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Matt O’Trexate is a 16-year-old boy who has presented to the acute medical unit with painful bruises. He has also had abdominal pain.

Please take a history from Matt and perform the relevant examination. You will then be asked to discuss the case with the examiner.

You are Matt O’Trexate, a 16 year old lad. You enjoy Stephen King novels and the greatest team in the world, Leicester Tigers.

HPC: Two months ago you noticed that you started getting large purple marks on your shins and arms: like bruises except they felt more painful. They were slightly raised and faded after a few weeks, but then more would come up. Your mum thought they were just bruises because you play rugby a lot and are always injuring yourself, but they felt different from bruises you have had before and you couldn’t think how you would have gotten them. They’re really quite painful and they’re getting in the way of you playing sports now because they hurt if you knock them.

You have also noticed that both knees have felt sore. They are not red or swollen but sometimes they hurt if you are running for a while. Your Mum gave you some ibuprofen which helped. You would rate the pain 5/10.

You have had some episodes of pain in your tummy for about the past six weeks. It is mainly right sided and low down, near your hip. It comes on gradually and lasts a few hours. It is not there all the times so it hasn’t bothered you too much, although it can be really painful when it is there and you are now getting it more often. It is a cramping pain and sometimes you have to curl up to make it feel better. You don’t think it’s particularly associated with eating or going to the toilet. Now that you think about it, you think your stools have been runnier and you have been going more than often, maybe 4-5 times a day, rather than 1-2. You haven’t noticed any blood but you haven’t really checked.

You have also noticed some mouth ulcers when you are brushing your teeth. They’re quite sore if you catch them with your toothbrush. Your Mum said it was because you didn’t eat enough fruit and veg, but you try and eat healthily for your rugby training so you don’t see how you have gotten so many ulcers. You haven’t felt sick or vomited, but you have felt more tired than normal. You think you might have lost a little weight because your school trousers are a little baggier than they used to be.

PMH: You are normally fit and well. You have had all your immunisations.

DH: You do not take any regular medication except for the occasional ibuprofen for your knee pain. You are allergic to penicillin.

FH: You think you might have an aunt who has bowel problem, but she never really speaks about it.

SH: You live with your Mum, step-father and little sister, who is 12. Your parents are divorced and you stay with your Dad every other weekend. Your Mum is the manager of a department store and your Dad works in IT. Neither of them have any pets. Your step-father smokes but not inside the house. You have occasionally stolen a few cigarettes from him and sometimes smoke one or two cigarettes at parties.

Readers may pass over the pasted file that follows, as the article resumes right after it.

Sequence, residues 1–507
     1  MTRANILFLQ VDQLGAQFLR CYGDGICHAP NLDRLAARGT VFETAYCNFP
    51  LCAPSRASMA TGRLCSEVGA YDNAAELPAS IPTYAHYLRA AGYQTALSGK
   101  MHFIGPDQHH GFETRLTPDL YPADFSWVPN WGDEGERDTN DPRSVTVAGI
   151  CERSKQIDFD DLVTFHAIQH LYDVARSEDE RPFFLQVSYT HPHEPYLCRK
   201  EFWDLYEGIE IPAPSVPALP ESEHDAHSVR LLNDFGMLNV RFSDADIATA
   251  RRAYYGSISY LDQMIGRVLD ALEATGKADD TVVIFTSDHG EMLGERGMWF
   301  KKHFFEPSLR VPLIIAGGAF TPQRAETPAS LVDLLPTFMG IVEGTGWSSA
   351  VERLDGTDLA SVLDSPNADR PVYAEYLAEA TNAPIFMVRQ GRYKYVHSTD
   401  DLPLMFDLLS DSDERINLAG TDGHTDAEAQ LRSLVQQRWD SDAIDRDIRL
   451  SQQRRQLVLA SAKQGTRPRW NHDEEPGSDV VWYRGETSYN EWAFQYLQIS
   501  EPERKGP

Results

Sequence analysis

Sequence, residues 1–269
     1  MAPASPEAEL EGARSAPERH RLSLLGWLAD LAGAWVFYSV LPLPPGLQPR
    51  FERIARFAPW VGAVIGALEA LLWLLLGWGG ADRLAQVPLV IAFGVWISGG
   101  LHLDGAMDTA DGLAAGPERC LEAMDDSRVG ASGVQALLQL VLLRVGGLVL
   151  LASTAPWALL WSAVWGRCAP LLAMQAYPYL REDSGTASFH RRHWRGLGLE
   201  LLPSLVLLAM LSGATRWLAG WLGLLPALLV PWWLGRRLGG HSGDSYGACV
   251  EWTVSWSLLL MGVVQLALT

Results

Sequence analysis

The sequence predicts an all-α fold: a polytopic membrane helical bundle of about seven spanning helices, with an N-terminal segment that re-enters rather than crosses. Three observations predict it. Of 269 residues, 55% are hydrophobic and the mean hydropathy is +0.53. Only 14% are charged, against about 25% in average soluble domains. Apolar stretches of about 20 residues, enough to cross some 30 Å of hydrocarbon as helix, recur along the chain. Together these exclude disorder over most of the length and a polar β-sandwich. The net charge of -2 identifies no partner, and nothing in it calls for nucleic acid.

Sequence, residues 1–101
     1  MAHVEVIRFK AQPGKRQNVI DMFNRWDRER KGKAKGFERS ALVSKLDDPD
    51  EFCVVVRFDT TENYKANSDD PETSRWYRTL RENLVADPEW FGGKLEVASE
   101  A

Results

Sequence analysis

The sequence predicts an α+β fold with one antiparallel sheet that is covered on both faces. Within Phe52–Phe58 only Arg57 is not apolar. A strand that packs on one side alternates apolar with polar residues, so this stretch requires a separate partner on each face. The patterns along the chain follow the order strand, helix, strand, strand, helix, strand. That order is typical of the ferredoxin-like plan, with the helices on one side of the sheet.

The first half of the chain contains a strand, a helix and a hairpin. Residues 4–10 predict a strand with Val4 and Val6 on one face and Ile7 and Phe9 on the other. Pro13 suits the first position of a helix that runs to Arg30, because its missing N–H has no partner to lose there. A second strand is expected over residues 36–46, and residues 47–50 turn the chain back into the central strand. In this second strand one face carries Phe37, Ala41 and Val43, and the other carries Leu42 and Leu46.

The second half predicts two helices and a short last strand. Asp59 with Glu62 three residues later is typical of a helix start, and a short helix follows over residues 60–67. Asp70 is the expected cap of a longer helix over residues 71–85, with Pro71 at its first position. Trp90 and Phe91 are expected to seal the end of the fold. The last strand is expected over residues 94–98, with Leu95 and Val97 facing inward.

You are currently doing your GCSEs and are managing okay with revision, although you’re finding it harder to concentrate recently because you are feeling quite tired. And also maths. You hate maths.

You try and keep quite healthy because you are on the school rugby team and train three times a week, plus matches on the weekend. You go to a house party most weekends where you will drink eight cans of lager. You know it’s bad for you and you shouldn’t, but all your mates do it and it’s always good to celebrate when you’ve won a match.

ICE: You have no idea what is going on, but lots of things seem to be happening to your body in the past month or so and you know something isn’t right. You’re worried now because the painful bruises and knee pain are getting in the way of your rugby and you have also starting getting the spells of abdominal pain more often. You would like to find out what is happening and make it stop so you can get back to playing rugby.

Please observe the student take a history from this patient. They should ideally carry out a gastrointestinal examination. Ask them to present their findings and list their differentials, which should include inflammatory bowel disease, specifically Crohn’s disease presenting with erythema nodosum. An example differential diagnosis may sound something like:

“My first differential diagnosis would be an abdominal cause: more specifically inflammatory bowel disease. This is because of a history of increased frequency of bowel movements, associated with painful bruising, weight loss, mouth ulcers and joint pain. This painful bruising is likely to be erythema nodosum, a well-established extra-intestinal manifestation of inflammatory bowel disease. The pattern of symptoms favours Crohn’s disease, however further investigation would be required. An alternative diagnosis would be an alternative gastrointestinal cause, such as coeliac disease. This would be consistent in a young person with weight loss and who is opening their bowels more frequently – however the systemic features make inflammatory bowel disease more likely.” Possible questions for discussion may include: • This patient has Crohn’s disease. What further investigations could confirm a diagnosis of Crohn’s disease? • How would you manage this patient if they presented acutely unwell? • Do you know any scoring systems for measuring the severity of an IBD flare? • This patient had some extra-intestinal manifestations of IBD. Can you list some more? • What are the differences between Crohn’s disease and ulcerative colitis?